Imagine with me a series of conversations that might have occurred between a 17-year-old who is five months pregnant and her mother.
At age 12…
Mom: Your Dad and I have strong family values about sex and sexual behavior. Sex leads to pregnancy and your father and I believe that you must wait until after marriage before you have sex. You cannot have sex until you are able to support a child and you must not become pregnant until after you are married to someone you love. Understand?
Daughter: Is that all there is to say about sex, Mom?
Mom: That’s all there is to say about sex. Just be abstinent. No kissing, no holding hands, nothing until after high school and until you find your guy. Promise me?
Daughter: I promise.
Several years later…
Mom: Do you remember my instructions about not having sex until you are married? We believe in family values. You must remain abstinent until you’re married. That’s what your father and I did. We didn’t have sex until after we were married. Well, almost until we were married. Your brother did come a little early, but we knew we were going to get married. Any questions?
Daughter: I have lots of questions and I have feelings, too. Am I normal? Lots of my friends have kissed boys and I hear stories about first base, second base, third base and scoring. What does all of this mean? What is intercourse?
Mom: Honey, you don’t have to worry about any of that because you are going to remain abstinent until the night of your marriage. Then you can make love and have sex with your husband. I prefer using love and sex to the word intercourse. That word has such an ugly sound. Understand? I don’t care what the other girls in your class are doing or with whom they are doing it. Ignore them. You are the smart one. You will never have to worry about getting a sexually transmitted disease or becoming pregnant while you are a teenager, if you follow my advice.
Freshman year in high school…
Mom: Are you having a course in sex education this term? Parents are allowed to check the curriculum, but I just didn’t have a chance to get to school or to the parents’ meeting. I am certain the course is about abstinence-only-until-marriage, right? I wouldn’t let you take a course all about explicit sex education. That’s what comprehensive sex education is all about. It is very explicit and shows students how to have sex. Courses that promote contraception lead teens to experiment. I know this for a fact.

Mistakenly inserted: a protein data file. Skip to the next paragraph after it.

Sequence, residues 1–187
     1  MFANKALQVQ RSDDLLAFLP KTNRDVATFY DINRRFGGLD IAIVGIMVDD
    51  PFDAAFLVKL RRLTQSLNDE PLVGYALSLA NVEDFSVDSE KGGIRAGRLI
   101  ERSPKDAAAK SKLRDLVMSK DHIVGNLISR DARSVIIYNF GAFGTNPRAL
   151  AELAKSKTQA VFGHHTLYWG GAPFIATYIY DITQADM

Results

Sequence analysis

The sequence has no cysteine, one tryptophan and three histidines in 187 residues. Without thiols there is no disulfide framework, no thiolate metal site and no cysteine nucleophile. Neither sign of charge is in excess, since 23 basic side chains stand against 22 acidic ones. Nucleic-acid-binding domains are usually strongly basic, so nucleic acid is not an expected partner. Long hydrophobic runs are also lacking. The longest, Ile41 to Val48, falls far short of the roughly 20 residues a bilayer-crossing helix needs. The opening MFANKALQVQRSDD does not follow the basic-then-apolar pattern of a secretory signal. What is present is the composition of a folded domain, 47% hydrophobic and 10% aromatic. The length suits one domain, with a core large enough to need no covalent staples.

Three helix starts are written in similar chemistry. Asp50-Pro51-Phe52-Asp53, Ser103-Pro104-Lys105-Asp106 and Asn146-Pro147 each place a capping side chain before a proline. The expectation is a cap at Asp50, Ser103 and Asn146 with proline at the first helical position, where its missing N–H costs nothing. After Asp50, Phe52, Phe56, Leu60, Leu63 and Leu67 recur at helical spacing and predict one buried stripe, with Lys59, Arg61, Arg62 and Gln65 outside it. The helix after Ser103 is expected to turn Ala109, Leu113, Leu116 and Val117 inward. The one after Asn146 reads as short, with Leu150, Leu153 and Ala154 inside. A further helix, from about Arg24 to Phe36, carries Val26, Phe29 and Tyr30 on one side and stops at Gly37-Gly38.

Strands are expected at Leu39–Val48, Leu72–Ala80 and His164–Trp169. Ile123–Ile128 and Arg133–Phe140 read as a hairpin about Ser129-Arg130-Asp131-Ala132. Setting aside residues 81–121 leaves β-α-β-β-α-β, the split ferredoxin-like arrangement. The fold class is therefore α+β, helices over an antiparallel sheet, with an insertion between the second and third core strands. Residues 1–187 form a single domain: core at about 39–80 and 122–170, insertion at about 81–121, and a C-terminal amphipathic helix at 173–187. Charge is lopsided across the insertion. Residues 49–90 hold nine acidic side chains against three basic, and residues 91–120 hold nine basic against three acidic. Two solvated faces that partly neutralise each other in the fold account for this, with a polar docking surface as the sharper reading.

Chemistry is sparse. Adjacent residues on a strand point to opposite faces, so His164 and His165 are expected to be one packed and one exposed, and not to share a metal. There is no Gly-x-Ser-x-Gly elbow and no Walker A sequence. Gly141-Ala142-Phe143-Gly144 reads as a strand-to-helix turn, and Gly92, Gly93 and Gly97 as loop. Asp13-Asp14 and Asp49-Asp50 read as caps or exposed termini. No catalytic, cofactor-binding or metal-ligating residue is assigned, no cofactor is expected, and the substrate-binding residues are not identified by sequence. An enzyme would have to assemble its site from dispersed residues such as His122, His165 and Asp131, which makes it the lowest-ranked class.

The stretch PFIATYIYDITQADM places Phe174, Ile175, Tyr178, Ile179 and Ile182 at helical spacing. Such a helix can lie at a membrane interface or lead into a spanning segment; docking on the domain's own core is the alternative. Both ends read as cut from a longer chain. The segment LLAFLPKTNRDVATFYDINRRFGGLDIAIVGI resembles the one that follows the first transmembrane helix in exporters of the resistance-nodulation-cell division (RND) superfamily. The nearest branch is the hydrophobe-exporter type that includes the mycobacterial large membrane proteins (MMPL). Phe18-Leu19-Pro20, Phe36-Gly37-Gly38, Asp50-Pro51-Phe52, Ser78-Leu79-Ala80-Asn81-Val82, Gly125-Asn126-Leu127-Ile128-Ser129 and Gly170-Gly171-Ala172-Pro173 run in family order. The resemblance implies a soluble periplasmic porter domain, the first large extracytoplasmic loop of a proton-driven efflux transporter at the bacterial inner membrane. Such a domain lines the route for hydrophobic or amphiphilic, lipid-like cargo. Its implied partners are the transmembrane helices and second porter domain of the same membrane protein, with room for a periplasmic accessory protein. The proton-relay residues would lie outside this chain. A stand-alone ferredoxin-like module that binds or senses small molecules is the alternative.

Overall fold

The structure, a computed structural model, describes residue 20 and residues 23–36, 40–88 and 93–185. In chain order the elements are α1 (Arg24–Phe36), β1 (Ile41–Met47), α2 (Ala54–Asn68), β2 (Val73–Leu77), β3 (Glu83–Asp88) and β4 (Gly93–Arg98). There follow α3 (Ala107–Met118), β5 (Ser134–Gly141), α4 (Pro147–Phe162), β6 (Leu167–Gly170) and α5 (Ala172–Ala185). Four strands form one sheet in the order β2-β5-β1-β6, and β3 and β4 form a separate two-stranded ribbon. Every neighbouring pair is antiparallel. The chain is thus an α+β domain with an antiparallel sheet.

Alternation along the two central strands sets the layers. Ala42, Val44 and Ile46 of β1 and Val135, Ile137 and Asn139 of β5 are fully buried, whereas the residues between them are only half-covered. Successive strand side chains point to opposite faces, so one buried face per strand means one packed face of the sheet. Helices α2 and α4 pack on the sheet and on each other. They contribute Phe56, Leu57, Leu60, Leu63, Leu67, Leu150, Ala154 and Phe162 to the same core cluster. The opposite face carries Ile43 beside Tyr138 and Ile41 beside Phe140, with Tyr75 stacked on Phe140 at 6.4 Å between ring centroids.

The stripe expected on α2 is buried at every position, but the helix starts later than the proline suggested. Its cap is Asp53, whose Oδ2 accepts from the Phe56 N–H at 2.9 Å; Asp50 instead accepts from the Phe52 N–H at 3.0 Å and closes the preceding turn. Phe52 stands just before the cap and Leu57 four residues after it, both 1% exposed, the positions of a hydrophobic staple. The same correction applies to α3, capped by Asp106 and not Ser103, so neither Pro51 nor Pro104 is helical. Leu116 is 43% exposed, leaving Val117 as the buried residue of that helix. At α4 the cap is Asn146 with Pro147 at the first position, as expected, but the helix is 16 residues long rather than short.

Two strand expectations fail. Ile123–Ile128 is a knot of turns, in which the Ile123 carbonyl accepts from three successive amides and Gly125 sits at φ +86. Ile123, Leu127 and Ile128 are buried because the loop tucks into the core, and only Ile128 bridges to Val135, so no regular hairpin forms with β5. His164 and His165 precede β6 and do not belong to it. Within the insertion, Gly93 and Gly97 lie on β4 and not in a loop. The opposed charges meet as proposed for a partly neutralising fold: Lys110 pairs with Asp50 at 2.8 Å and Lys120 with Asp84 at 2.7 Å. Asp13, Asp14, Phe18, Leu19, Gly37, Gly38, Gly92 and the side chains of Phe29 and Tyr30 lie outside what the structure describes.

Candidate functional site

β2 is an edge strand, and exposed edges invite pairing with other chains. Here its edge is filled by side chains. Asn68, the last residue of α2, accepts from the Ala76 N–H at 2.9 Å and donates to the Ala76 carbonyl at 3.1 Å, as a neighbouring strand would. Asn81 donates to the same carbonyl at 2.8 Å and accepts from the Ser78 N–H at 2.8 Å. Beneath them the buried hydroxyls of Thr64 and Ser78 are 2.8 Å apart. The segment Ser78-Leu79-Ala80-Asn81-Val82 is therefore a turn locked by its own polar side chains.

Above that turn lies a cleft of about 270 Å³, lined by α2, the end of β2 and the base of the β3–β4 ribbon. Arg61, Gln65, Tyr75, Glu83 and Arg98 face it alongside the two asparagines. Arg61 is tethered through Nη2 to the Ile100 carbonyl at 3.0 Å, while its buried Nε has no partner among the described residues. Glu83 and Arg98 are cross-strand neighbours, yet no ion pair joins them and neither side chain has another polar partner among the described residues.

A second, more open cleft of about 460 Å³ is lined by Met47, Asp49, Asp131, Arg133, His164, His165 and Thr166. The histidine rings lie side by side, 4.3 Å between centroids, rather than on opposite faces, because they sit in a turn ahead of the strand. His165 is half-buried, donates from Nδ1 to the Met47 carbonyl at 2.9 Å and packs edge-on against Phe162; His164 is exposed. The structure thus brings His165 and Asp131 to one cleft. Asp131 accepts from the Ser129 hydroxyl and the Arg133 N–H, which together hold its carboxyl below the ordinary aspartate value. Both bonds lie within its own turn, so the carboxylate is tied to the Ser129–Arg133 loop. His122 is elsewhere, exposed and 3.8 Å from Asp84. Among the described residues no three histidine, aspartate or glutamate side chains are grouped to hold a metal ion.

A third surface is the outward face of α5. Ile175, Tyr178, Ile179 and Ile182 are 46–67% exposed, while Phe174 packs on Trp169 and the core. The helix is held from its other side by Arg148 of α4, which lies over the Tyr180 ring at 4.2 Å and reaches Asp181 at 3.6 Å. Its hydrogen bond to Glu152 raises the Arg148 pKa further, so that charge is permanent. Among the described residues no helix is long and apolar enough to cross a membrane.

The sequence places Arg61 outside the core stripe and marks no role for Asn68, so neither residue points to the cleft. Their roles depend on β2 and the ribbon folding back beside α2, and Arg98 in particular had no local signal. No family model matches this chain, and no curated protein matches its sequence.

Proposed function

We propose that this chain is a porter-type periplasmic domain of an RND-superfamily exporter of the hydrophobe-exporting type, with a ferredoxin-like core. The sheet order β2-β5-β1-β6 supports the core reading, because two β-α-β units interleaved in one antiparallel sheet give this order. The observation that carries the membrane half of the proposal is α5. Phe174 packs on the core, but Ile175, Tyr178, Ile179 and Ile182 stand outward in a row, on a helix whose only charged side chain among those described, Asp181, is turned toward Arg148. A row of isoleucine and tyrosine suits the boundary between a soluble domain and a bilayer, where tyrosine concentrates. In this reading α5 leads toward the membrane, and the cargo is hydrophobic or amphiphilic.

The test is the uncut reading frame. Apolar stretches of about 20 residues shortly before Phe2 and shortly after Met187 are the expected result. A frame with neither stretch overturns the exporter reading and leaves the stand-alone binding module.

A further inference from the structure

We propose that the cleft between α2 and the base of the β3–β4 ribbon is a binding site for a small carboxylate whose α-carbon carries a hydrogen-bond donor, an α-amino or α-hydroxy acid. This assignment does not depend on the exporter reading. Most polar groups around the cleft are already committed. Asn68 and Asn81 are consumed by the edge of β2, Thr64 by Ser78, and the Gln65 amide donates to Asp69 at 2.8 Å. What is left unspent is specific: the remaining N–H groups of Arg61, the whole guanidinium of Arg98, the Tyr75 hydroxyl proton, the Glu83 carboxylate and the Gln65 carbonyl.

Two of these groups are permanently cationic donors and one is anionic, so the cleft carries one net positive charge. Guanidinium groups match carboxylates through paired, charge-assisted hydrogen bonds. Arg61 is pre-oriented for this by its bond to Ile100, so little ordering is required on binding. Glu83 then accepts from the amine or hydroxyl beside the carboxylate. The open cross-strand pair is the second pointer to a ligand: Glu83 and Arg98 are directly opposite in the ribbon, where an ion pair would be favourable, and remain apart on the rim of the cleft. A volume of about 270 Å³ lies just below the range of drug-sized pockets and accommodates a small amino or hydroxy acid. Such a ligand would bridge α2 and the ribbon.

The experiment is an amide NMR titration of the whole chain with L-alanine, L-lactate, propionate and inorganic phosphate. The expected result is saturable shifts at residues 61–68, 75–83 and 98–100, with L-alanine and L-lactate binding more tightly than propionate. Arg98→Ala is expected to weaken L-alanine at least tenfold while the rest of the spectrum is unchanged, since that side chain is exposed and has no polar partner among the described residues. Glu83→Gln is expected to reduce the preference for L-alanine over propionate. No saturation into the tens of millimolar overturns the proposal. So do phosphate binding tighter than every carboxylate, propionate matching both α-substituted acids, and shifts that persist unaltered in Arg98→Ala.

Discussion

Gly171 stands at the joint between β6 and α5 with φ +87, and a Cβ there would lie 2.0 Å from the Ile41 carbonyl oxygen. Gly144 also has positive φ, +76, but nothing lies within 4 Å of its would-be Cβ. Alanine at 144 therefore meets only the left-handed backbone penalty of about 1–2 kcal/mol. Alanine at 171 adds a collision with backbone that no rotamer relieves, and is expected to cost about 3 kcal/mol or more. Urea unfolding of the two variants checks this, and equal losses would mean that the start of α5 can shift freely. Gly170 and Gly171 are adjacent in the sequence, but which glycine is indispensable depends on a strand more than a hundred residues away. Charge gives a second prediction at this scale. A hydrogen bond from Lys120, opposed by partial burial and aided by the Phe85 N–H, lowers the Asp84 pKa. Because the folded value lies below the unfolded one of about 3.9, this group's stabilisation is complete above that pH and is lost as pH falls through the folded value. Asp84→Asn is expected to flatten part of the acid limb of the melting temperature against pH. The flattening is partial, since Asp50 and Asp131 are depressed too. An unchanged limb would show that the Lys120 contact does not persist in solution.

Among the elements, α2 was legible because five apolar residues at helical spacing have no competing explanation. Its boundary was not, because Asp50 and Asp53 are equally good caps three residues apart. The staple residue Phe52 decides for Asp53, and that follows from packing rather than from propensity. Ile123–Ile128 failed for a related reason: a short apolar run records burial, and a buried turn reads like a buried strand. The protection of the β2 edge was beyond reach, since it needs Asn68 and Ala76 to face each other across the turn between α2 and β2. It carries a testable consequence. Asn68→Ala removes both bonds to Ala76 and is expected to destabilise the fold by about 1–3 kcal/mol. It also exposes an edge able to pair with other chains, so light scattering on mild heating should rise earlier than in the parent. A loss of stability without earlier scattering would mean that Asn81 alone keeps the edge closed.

Daughter: Actually, the teacher did bring up the subject of condoms today in class, but she told us that they have a very high failure rate. I think everyone in the class gets the message: There is certainly no reason to ever use one. The teacher says that she will discuss the other forms of contraception in the next couple of weeks, but she is only allowed to tell us about the failure rates of each method. The federal government is sending Alaska money to support this type of sex education. Do you realize that?
Mom: Yes, it’s a terrific program and is the reason for the dramatic decline in the number of teen pregnancies here in Alaska and around the U.S. It is truly a good program and I hope the Bush administration lobbies hard to increase the amount of money that is sent to the states. I don’t understand why 17 states have refused the money. Abstinence-only-until-marriage is definitely the way to go.
Senior year in high school…
Mom: Are you going steady? Your father and I like him very much. I guess you are having fun kissing and messing around a little. I’ll relax the rules a little so you can have some fun, but remember, no sex until you are married.
Daughter: Mom, I don’t know how it happened, but I did have sex, or we made love as you would want me to say. It was only a couple of times.
Mom: You’ve had sex? A couple of times? Before marriage? Have you missed your period? Do your breasts hurt? Are you having morning sickness? If you are pregnant you realize that you cannot have an abortion. I believe that you can only have an abortion if the mother’s life is threatened. I don’t believe in abortion for rape or incest. You weren’t raped, were you? You are going to have to marry him and care for the child. You have no choices. Now you have to grow up much earlier than I had planned.
Unlike Amy, the teen in the mini-series The Secret Life of the American Teenager this 17-year-old young woman had no choices and restricted education. Talking about the pregnancies of both teens, one rooted in fiction and the other in fact, would lead to an interesting classroom discussion.